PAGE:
Behaviour problems in dog are incredibly common, due to the fact that most dog behaviour that we deem as a ‘problem’ are normal canine behaviour in an abnormal (for the dog) human world. The problems vary in seriousness, but they almost always affect the bond between dog and owner over a period of time. Problems with training and behaviour can cause a good deal of stress to dog owners and their family and remove many aspects of the enjoyment that dogs provide us with. Walks can become something to dread, rather than enjoy, inviting guests to the house can be a nightmare rather than fun.
What I do not see very often are puppies with no problems. It would seem that people generally are not in to prevention, people wait for problem to develop and more often than not, to deeply embed before often realising the need for help.
Many behaviour problems occur through lack of human input – left to their own devices, dogs learn constantly, much in common with us. They learn what is fun and what is rewarding as well as what is unpleasant. Chewing skirting boards, digging up that garden, pulling the children’s trousers can all be fun pass times. They also quickly learn how little control we have when they are off of the lead in the park, as your young puppy darts around pestering other dogs, following scents and jumping up at people to say hello, your commands are ignored and puppy learns that he can do as he wishes in the park. Without the owners being involved in the teaching dogs learn by their own actions and rewarding behaviour embeds. Puppies are such malleable creatures, a blank canvass for us to shape into the adult dog that we desire. Investigating everything and so willing to learn. If we control circumstances, we can induce the puppy to learn only what we would like him to learn.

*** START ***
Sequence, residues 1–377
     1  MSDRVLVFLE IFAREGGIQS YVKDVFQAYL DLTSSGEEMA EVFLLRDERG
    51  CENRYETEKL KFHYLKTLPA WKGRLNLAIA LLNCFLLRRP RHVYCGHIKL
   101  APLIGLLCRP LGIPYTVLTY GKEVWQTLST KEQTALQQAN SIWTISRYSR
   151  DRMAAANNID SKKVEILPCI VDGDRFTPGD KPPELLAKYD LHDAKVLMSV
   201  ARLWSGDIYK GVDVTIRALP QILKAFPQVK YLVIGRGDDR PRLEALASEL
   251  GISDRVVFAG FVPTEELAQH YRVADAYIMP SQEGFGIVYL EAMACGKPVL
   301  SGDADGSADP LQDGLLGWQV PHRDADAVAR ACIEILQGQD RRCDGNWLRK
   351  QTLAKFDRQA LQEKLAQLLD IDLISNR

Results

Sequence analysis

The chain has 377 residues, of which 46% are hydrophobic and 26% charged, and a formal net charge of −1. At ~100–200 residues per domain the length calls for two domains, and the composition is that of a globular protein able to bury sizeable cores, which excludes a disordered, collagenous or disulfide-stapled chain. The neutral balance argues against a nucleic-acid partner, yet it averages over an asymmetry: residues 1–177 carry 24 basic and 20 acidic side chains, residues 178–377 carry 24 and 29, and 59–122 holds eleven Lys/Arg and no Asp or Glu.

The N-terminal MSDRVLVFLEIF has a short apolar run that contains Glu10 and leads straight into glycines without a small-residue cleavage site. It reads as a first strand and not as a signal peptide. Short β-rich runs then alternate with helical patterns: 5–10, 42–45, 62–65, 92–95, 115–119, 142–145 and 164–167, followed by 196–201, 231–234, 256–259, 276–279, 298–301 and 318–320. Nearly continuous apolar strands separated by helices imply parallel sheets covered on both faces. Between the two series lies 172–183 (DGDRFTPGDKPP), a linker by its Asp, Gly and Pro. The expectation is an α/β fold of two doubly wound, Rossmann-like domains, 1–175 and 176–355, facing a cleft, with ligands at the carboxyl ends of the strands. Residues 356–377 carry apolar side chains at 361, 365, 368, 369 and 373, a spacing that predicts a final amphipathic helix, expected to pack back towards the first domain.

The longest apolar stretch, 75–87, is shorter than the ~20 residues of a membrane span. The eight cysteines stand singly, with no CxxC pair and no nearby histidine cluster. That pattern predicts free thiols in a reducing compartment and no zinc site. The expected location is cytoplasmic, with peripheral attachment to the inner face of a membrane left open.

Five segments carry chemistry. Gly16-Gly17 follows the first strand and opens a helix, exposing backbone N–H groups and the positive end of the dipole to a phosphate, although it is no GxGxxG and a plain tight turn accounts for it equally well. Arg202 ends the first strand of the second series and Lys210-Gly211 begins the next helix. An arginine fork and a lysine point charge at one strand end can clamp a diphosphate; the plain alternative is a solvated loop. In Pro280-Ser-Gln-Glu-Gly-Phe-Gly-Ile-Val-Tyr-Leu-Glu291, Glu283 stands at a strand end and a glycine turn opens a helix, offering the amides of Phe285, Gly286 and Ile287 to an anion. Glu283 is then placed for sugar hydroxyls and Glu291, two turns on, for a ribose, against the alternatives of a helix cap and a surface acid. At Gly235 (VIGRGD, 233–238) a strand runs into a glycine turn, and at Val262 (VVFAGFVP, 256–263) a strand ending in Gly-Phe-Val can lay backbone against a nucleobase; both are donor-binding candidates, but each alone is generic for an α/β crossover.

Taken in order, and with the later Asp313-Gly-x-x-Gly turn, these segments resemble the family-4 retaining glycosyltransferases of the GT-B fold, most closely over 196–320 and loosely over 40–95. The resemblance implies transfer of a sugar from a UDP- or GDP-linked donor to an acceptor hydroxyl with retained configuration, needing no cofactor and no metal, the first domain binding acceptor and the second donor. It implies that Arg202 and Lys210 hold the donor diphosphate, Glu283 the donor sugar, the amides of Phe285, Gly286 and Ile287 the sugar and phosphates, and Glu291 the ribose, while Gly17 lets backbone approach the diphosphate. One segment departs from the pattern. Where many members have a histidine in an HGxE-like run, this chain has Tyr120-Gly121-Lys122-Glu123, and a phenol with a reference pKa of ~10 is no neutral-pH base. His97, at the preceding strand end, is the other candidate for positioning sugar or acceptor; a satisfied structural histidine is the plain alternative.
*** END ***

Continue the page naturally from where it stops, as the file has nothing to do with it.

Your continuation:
When you obtain a puppy at seven or eight weeks of age, there is a critical window of opportunity that you have that greatly affects your adult dogs behaviour and temperament. This is the vital stage of temperament formation. Many dogs that I deal with have not been socialised correctly – their exposure to common environmental stimulus has been too little or too late or non-existent. I would suggest that lack of socialisation still remains the largest single cause of behaviour problems in dogs. The critical period lasts from approximately five to twelve weeks of age (depending on the breed and innate temperament) and based on my experience
The main reason that people give for not socialising their dogs is due to firstly being unaware of the importance and the impact that these few short weeks has on their future adult dog and secondly the vaccination process. Puppies of course must be vaccinated before they can be taken to public places, parks and introduced to other dogs. However, this does not mean that your new puppy must remain inside your home isolated. The puppy can be carried through the town, taken to peoples homes, introduced to family members vaccinated dogs and the like. A balance needs to be sought. Your new puppy can be taken in your car to the local town and stay sitting in the rear of the car watching the world go by, seeing all manner of people and becoming accustomed to vehicles and the sights and sounds of the town and the large array of different types of people, children the elderly and the like.